The Leroy Setziol front door now hangs in a place of honor in the living room, across from the piece by his daughter. The new flooring is walnut, and the stairs were redesigned in fir and walnut.
The floor plan was streamlined by demolishing a wall between the living room and dining area. A staircase with white oak steps leads to the new top floor, which contains the master suite, roof deck, and study. “Opening up the space a bit, improving the views and flow, and adding that upper level added more opportunities for Greg and Kirsten to enjoy time with their family,” says architect Robert Miller of Bohlin Cywinski Jackson.
The previous owners had created the duplex by linking two apartments  with a spiral staircase. A pendant lamp by Muuto now overlooks the staircase, which has been reinvigorated with a new birch plywood surround.  The material is a unifying motif:  The shelves and cabinets  designed by Delaunay, including those in the kitchen, are made of it.
The cottage’s new "upside-down" floor plan separates the private zones below from the social zones on the upper floor and makes entertaining much easier, says Adair.
"I get a lot of personal satisfaction from the stairs and continuous handrail that runs from the rooftop deck to the ground floor," says Adair. "The stairs and this handrail detail took quite some time to perfect before they were made."
A view of the contrasting stairs that lead down to the main floor.
Looking from the dining area, wood cladding extends from the entryway ceiling up to railings in a second floor loft.
The interior staircase of the original 1925 townhouse was restored to serve as an entrance to all the apartments in the complex.
A staircase guides visitors from the home's entry in the rough cement base to the bright and airy residential space.
Another view of the staircase. The carpet is by Stanton.
The staircase, which connects the home’s three levels, affords privacy while allowing light to flow through the interior.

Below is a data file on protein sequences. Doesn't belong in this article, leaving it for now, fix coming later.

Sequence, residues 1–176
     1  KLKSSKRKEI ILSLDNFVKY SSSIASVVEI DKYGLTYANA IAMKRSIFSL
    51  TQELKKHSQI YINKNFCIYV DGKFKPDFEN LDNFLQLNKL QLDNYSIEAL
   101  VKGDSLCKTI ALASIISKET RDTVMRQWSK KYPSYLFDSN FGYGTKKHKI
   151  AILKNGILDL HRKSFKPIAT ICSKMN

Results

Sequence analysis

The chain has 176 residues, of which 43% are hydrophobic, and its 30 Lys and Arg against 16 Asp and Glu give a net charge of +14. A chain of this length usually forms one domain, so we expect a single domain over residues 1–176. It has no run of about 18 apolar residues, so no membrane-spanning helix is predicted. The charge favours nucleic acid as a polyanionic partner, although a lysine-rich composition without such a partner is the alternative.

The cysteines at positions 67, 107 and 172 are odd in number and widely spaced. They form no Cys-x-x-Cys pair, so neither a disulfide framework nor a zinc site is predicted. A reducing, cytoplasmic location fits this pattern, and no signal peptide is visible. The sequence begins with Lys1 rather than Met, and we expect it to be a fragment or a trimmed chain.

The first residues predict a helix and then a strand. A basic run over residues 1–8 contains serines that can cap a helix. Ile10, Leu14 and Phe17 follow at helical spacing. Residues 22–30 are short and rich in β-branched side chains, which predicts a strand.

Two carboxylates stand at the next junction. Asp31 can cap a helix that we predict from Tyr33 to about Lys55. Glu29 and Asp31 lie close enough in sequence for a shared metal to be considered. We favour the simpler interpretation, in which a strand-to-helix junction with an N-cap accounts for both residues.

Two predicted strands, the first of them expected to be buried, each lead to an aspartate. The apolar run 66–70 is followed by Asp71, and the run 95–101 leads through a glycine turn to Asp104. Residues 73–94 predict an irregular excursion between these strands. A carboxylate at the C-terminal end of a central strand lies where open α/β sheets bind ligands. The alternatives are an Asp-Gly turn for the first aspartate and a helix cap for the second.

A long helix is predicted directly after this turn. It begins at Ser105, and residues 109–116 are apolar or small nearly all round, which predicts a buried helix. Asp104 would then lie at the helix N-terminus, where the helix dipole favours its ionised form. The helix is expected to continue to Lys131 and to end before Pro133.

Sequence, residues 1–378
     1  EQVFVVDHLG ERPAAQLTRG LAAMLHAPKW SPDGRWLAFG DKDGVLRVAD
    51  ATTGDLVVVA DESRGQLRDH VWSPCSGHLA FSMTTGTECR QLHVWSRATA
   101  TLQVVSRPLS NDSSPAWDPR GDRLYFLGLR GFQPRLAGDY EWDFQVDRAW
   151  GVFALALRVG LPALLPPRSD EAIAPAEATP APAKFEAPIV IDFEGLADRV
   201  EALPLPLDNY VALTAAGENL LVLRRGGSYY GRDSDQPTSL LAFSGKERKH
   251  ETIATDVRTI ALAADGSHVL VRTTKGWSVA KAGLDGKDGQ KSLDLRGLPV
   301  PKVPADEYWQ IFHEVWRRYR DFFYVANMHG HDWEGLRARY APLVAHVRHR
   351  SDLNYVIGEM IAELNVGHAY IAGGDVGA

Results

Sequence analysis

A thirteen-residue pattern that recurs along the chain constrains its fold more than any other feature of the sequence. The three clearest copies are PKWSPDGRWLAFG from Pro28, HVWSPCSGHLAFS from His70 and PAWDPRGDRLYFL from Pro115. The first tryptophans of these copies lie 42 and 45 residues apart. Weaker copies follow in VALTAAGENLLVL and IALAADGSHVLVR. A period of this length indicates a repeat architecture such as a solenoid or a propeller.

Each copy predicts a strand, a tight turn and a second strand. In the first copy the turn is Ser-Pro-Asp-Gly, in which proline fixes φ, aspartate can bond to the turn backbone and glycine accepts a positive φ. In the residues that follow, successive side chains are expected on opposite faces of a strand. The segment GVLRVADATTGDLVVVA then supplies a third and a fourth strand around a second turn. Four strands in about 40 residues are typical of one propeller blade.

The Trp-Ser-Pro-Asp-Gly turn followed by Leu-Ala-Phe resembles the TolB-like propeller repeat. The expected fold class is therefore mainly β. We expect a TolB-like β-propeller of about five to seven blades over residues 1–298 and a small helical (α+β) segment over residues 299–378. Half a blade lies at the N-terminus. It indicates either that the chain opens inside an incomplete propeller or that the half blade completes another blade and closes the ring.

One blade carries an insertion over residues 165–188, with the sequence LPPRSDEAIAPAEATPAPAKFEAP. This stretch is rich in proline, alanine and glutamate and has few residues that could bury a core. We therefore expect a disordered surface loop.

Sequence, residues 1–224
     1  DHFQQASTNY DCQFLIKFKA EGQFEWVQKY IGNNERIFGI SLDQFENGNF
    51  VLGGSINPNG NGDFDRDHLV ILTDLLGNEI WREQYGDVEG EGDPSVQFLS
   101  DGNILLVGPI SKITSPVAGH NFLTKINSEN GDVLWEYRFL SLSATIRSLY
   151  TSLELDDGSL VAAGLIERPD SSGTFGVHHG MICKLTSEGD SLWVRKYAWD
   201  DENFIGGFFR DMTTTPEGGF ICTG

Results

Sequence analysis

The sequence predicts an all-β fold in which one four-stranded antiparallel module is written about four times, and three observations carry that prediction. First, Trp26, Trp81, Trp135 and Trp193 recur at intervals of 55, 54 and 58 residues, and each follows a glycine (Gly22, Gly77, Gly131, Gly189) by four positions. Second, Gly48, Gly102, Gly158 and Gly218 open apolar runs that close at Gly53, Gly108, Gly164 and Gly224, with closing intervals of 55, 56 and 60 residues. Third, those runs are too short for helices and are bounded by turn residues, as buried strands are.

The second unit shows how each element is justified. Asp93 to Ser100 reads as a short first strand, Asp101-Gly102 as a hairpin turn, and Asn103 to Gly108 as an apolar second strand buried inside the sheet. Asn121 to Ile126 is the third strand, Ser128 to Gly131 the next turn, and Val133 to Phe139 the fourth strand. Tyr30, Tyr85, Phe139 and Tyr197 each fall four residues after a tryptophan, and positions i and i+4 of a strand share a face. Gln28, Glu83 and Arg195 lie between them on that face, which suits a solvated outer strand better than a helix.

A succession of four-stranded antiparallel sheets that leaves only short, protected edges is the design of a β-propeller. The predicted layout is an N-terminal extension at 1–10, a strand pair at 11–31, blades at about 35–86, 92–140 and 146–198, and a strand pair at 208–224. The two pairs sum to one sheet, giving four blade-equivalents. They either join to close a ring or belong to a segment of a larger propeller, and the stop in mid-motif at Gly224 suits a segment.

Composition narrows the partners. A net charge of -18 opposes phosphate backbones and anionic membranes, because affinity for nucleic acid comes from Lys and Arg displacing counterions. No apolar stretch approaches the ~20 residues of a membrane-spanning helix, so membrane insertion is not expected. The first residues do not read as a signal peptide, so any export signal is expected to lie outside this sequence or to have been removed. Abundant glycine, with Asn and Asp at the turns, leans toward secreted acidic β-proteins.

A cylindrical glass staircase with Western red cedar and painted steel mullions dominates the front of the house. The stair treads, along with the floor, are made of recycled spotted gum.
Though they give the appearance of bent plywood, each curved layer of this ribbed staircase's corridor was constructed with flat, laminated cutouts, including the rounded hand rail.
Full-height shelving lines the wood staircase, providing plenty of space for the homeowner's unique collections.
Minimal interventions by architect Andrew Simpson allowed this former jam warehouse outside of Melbourne, Australia, to be turned into a family residence. "To draw light and ventilation into what was a poorly oriented and deep footprint, an extensive number of operable skylights were introduced on the north- and south-facing roof pitches, and a large void connecting the floors was strategically positioned to also take advantage of this amenity," Simpson says. American oak floorboards and Dulux paint were used throughout the property for continuity.

Whether grand and sweeping, rendered in wood, or a minimalist arrangment of metal and glass, the modern staircase is an example of literally elevated design. With its strong, geometric shape and functional importance, a masterful staircase can serve as the centerpiece of a building. Below are some notable examples of staircases that refuse to be ignored, and the creative tread and railing decisions that comprise them.